As a teacher to thousands of teenagers over the last 15 years, I have heard "bored" more times than I can possibly recall. "Bored" seems to be a multi-purpose word to describe anything that a kids does not like. I have always told my students that it is better to be bored than excited if "excitement" means what it means in a lot of countries--running from bombs and gunfire, foraging for food to avoid starvation, etc. I also have told them that if they are bored that they should recommend a "fun" activity to me in writing. (I've known kids who've started their own investing companies, so teenagers are old enough to take charge of their lives, e.g. find healthy ways to address their boredom.) If doable, I will replace one of the "boring" activities with one of the suggested "fun" activities. Have you considered allowing him, possibly with friends, to try a very wide variety of extra-curricular activities, such as sports he's never thought of trying, following the stock market--websites and books for teenagers on the subject are widely available, or participating in a volunteer activity (of his choice)? Some of my students and classmates have done very interesting things that I wished I had thought of doing when I was a kid. I would suggest trying a few of these activities before he settles on playing video games a 100 hours each week. Having said that, although I'm not a video game fanatic, I can't say that video games are all bad. One of my classmates in business school has done quite well in his video-game related career, which he got into because he loved playing video games.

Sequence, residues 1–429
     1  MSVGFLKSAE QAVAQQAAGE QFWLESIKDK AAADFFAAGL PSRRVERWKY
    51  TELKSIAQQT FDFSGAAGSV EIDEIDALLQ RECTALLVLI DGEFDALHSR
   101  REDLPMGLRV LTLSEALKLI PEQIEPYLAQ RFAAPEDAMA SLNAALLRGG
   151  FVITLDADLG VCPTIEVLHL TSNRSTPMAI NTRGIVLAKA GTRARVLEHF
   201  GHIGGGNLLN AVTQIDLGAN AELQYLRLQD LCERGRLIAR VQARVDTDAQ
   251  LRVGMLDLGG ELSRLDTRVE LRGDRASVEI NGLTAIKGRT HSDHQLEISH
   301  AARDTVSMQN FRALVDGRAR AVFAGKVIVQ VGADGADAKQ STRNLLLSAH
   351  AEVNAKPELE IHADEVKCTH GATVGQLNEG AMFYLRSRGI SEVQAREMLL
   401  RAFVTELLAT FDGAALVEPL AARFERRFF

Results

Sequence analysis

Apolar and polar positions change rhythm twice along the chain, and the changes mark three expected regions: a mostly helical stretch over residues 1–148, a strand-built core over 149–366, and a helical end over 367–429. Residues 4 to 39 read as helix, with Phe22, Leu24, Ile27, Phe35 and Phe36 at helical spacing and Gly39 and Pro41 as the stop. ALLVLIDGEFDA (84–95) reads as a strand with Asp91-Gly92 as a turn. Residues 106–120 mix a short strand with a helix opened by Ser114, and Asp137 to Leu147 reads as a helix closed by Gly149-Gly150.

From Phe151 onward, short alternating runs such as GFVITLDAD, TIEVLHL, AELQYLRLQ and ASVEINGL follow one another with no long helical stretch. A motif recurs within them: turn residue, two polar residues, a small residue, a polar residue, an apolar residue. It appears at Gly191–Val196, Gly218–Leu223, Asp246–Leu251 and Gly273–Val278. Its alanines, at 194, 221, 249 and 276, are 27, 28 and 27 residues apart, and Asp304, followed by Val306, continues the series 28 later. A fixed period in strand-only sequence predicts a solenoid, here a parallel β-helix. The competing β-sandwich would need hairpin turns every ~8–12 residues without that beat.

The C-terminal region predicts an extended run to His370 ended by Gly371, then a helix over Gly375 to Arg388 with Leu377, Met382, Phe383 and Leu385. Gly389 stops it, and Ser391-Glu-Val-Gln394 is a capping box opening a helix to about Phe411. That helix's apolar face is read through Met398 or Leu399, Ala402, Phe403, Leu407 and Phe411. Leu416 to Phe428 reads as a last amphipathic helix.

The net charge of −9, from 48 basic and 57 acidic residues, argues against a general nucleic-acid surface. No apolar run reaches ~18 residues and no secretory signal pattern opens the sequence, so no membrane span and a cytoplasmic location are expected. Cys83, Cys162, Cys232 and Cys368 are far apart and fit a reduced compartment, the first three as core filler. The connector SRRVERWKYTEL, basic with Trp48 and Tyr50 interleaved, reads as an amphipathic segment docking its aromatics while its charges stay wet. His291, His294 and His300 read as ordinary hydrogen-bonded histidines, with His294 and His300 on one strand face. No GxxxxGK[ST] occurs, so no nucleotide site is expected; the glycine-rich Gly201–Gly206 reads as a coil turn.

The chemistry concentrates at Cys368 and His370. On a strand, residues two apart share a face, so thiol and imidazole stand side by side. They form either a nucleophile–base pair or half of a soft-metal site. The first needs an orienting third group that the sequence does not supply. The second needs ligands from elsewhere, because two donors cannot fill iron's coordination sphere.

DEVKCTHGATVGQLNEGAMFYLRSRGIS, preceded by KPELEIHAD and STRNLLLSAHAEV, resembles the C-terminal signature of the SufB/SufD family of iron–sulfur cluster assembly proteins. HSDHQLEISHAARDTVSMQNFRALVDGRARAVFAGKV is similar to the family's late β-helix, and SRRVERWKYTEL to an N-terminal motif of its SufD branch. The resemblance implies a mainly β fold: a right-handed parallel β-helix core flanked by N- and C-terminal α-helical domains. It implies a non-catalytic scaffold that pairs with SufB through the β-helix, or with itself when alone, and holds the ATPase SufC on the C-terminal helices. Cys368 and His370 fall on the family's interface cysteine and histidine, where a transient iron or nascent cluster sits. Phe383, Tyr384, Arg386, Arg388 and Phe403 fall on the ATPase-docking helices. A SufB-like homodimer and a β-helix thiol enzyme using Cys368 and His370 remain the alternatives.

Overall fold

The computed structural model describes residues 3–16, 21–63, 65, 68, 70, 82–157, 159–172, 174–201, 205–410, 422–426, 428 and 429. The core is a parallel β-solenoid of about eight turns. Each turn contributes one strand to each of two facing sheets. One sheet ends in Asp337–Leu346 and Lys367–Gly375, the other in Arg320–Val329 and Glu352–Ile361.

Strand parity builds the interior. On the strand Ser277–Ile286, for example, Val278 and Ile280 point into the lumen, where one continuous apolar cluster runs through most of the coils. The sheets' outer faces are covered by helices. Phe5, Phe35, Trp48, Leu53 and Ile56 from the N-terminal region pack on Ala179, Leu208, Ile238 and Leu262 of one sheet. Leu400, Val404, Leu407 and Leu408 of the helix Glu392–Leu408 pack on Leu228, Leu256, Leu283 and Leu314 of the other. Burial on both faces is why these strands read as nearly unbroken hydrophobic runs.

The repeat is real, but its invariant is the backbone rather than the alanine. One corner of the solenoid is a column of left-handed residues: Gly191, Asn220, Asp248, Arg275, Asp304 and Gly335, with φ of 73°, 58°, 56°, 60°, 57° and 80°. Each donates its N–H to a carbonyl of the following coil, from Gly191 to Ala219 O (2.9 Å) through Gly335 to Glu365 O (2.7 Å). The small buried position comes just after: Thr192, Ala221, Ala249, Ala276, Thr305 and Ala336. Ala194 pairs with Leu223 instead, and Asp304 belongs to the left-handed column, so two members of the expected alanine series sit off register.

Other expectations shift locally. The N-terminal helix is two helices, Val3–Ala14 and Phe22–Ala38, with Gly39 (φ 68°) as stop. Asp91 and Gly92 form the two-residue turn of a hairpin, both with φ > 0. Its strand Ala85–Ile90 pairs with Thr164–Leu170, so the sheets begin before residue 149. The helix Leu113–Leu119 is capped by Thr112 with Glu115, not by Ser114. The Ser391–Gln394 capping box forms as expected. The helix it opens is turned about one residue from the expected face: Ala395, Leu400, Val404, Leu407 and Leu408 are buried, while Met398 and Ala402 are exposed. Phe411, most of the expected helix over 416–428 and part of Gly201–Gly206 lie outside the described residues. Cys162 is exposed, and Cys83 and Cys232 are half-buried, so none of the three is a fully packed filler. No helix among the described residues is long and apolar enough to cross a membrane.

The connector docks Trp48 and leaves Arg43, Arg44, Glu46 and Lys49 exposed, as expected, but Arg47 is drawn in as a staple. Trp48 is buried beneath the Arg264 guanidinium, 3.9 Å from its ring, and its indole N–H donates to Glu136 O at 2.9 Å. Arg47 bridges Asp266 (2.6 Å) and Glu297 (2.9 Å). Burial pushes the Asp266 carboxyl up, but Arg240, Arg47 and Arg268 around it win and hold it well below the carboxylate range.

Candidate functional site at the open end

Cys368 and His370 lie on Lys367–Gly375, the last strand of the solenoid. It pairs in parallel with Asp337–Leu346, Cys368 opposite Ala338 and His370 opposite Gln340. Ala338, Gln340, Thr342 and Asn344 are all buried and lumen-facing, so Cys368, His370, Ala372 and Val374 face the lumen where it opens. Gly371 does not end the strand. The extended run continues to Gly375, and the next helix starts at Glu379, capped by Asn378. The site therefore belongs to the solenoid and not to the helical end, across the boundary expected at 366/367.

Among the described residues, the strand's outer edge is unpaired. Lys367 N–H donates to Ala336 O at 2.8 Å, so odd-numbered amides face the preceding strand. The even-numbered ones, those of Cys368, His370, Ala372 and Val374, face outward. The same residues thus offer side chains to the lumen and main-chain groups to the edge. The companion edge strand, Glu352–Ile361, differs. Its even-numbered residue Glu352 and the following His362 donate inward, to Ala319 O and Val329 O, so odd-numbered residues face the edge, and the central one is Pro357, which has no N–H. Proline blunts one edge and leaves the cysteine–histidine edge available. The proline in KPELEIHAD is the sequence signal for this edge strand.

In deciding how often to let a child get together with his friends, I would ask myself a few questions. Is my child getting enough sleep? Is he allowing himself enough time to do the best he can academically? Is he helping around the house? Is he staying fit? Is he participating in family (your family's) activities as often as you think appropriate? What are he and his friends doing? Are they doing something healthy or unhealthy (vandalizing property, using drugs, etc.)?
It seems that a lot of kids become less bored as they switch from middle school/junior high school to senior high school, so you will likely hear "I'm bored," less and less over time.